(225b) Monte Carlo Simulation of Fluid Phase Equilibria and of Adsorption In Microporous Materials : Investigation of Binary and Multicomponent Systems of Industrial Interest
AIChE Annual Meeting
Tuesday, October 18, 2011 - 9:00am to 9:20am
Monte Carlo simulation of fluid phase equilibria and of adsorption in microporous materials : investigation of binary and multicomponent systems of industrial interest.
Marianna Yiannourakou1, Philippe Ungerer1, Benoit Leblanc1 and Paul Saxe2
1Materials Design Sarl, Montrouge, France
2Materials Design Inc., Angel Fire, USA
Several factors make molecular modelling increasingly attractive for industrial applications : the availability of powerful algorithms for complex systems, the development of industrial software allowing efficient use by chemical engineers, the decreasing cost of computing time, and the parametrization of well-tested force fields. The purpose of the talk is to illustrate this trend in the case of Monte Carlo simulation techniques, applied to the equilibrium properties of fluids -including adsorption in microporous solids such as zeolites and model carbons-. For organic fluids we use generic force fields based on united atoms such as TraPPE  or AUA . Force field parameters for small molecules (H2, CO2, etc. ) and for solids are taken from published work, and standard combining rules are selected.
The first type of system investigated is the solubility of gases (H2, N2, O2, CH4, CO2, …) in organic liquids (hydrocarbons, ethanol, dimethylether, cresol….). This is an important topic for the conversion of heavy crude oil fractions into high quality fuels and for the co-processing of ligno-cellulosic biomass. We show that biased Widom test insertions allow reliable determination of the Henry constant of gas solubility. Simulation results predict consistently the influence of all factors : nature of the gas, temperature, and nature of the organic liquid. These results provide a quantitative explanation for the solubility behavior : very light gases like H2 do not display sufficient attraction for the solvent, and they are mostly sensitive to the presence of temporary cavities in the liquid. Their entropy-driven solubility increases with temperature, as a result of the decreasing density of the solvent. Heavier gases like CO2 feel more strongly the attraction for the liquid solvent, and the effect of temperature is therefore opposite. Gibbs ensemble simulations allow a very consistent extrapolation of these results to high pressures, whenever data are available (especially considering alcohols, ethers..). They allow also to model the vapour phase composition at high pressure.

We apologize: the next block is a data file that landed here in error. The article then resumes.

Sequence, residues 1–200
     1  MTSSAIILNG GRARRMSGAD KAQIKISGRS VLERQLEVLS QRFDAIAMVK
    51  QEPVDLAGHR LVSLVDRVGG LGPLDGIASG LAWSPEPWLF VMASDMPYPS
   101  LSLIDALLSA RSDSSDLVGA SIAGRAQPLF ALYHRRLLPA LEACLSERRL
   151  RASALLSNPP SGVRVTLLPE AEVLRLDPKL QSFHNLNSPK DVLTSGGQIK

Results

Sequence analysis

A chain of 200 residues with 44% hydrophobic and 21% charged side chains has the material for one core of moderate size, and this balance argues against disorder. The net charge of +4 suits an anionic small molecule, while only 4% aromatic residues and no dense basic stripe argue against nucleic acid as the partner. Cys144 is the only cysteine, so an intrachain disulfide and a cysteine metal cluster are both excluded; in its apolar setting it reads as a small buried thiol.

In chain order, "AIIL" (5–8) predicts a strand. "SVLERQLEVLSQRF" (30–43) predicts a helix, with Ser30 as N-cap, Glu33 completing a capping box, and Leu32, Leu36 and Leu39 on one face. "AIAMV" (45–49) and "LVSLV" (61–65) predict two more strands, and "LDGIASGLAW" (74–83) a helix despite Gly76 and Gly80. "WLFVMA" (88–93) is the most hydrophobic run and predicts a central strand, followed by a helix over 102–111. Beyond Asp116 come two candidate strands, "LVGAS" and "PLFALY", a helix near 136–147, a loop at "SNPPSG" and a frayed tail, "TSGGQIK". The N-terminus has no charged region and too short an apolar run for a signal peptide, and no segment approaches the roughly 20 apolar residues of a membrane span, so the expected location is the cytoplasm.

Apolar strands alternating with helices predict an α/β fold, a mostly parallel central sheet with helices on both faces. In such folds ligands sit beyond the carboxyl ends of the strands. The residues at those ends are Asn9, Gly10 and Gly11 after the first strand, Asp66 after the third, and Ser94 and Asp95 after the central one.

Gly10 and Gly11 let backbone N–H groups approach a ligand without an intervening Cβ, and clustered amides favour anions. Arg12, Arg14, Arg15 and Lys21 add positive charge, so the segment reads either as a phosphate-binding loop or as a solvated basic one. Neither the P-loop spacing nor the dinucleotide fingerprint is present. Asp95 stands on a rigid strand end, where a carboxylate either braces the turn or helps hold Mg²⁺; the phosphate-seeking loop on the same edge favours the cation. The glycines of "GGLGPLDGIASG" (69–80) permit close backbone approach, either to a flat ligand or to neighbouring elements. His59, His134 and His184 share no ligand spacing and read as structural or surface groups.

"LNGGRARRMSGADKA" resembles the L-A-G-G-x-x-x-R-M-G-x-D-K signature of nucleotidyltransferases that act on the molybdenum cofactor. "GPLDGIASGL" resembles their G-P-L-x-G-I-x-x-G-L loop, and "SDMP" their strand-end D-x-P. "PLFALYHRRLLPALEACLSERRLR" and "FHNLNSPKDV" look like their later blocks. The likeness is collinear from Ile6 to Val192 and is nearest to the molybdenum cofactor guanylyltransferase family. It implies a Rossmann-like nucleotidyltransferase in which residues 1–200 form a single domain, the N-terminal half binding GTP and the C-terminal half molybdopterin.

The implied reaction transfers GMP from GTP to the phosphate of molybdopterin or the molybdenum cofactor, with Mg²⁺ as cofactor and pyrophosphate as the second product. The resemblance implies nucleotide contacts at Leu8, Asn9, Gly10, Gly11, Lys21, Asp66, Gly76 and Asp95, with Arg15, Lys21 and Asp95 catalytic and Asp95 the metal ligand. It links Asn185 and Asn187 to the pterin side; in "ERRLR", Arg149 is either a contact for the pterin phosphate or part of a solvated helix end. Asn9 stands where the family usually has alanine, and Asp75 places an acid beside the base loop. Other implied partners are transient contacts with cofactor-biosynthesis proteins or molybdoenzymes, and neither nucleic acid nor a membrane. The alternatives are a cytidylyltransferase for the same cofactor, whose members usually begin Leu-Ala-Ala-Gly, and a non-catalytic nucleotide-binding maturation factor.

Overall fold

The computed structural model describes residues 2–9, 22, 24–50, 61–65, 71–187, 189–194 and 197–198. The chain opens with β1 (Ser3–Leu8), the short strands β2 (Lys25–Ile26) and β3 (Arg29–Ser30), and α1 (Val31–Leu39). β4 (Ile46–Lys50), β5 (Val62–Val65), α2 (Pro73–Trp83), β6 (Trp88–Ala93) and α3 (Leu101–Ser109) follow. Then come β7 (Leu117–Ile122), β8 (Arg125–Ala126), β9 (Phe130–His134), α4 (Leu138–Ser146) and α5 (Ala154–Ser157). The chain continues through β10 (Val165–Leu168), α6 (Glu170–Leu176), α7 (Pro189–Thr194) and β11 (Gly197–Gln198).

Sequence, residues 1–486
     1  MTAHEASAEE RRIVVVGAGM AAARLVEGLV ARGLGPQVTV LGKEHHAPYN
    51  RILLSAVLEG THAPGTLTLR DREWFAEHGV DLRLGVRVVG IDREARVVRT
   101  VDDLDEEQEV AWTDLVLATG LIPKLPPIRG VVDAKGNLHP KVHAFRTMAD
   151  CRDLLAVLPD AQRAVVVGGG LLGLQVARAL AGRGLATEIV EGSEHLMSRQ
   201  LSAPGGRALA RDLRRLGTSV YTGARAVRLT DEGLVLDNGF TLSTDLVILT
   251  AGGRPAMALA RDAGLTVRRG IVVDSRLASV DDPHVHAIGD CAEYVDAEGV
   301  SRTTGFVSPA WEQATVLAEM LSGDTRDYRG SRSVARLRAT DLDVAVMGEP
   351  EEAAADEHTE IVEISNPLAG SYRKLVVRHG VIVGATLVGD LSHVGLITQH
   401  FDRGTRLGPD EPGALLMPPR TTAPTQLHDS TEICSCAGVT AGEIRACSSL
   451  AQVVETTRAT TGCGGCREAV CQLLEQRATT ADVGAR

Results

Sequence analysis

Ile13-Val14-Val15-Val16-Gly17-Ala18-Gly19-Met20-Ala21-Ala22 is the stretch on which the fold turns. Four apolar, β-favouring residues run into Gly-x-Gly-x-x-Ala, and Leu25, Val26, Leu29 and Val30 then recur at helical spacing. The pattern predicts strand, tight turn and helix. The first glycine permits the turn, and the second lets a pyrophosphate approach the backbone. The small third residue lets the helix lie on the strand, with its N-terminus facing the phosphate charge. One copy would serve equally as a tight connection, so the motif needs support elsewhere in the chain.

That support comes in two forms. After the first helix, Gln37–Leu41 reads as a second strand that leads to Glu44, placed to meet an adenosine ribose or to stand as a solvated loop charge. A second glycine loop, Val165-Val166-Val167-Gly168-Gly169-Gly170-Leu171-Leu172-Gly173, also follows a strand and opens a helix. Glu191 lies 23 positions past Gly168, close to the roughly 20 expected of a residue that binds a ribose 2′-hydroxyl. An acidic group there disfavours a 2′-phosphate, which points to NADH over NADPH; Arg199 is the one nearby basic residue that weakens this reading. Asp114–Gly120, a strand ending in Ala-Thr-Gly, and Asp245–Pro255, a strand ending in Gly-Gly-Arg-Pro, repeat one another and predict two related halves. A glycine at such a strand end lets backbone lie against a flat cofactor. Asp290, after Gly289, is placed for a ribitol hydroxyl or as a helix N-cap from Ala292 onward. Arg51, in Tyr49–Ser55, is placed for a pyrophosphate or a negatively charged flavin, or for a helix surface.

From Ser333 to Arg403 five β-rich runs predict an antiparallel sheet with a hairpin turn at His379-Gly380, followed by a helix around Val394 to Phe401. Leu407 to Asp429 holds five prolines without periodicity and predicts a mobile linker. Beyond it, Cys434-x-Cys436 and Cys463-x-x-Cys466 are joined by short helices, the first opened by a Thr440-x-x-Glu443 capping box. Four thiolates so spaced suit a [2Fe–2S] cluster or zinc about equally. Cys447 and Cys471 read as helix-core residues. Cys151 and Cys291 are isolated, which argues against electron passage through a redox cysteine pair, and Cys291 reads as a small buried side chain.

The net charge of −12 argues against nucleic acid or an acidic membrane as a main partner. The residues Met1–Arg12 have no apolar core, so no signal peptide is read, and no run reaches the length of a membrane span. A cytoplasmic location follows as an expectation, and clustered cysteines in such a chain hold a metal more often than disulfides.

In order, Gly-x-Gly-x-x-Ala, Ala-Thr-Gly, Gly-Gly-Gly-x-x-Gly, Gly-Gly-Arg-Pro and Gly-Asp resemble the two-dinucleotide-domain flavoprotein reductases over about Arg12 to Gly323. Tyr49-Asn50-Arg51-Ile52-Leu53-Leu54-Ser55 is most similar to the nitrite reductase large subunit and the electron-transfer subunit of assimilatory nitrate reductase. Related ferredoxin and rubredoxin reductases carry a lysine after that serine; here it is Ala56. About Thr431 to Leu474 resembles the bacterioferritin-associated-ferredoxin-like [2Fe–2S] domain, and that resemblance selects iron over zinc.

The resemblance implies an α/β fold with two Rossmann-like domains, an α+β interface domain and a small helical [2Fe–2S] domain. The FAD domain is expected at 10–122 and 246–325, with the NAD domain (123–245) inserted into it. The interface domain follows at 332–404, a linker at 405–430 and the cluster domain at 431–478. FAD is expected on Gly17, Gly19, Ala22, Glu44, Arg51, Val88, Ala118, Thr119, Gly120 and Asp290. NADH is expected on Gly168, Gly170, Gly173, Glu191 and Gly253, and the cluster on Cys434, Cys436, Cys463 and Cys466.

The second type of systems considered in this work is the adsorption of multicomponent fluids in zeolites, which are often used in the industry for purifications and delicate separations . Grand Canonical ensemble Monte Carlo techniques that are used for this purpose. The assumptions made while building the sodium faujasite models NaY and NaX (framework structure, location of sodium cations in zeolites, force field parameters…) follow from published work . Simulation results are compared with experimental adsorption data on pure compounds (water, alkanes, aromatics, ethanethiol), and binary systems, with very good results with some exceptions. Once these validations are made, the behavior of complex multicomponent systems in condensed phases (high pressure natural gas, liquid mixture) can be considered. For this purpose, compressibility factor at high pressure may be used as an indirect test of the gas model, and biased test insertions are used to determine the chemical potential of each molecular type. The adsorption behavior of the multicomponent gas may then be investigated. This is illustrated by the example of natural gases comprising up to 12 components. The sensitivity of adsorption to minute amounts of heavy or polar compounds (such as water, methanethiol, liquid hydrocarbons) is discussed.
The examples treated in this work are systems for which analytical models (equations of state, activity coefficient models,…) need abundant experimental data to be parametrized. Our results support the idea that molecular modeling is now a cost-effective tool to perform difficult extrapolations. Other comparable applications (supercritical fluids, sequestration of CO2 for coal bed methane recovery) are cited in conclusion.
1. Maerzke, K.A., et al., TraPPE-UA Force Field for Acrylates and Monte Carlo Simulations for Their Mixtures with Alkanes and Alcohols. Journal of Physical Chemistry B, 2009. 113(18): p. 6415-6425. and references cited.
2. Ferrando, N., et al., Transferable Force Field for Alcohols and Polyalcohols. Journal of Physical Chemistry B, 2009. 113(17): p. 5985-5995, and references cited.
3. diLella, A., et al., Molecular simulation studies of water physisorption in zeolites. Phys. Chem. Chem. Phys., 2006. 8: p. 5396-5406.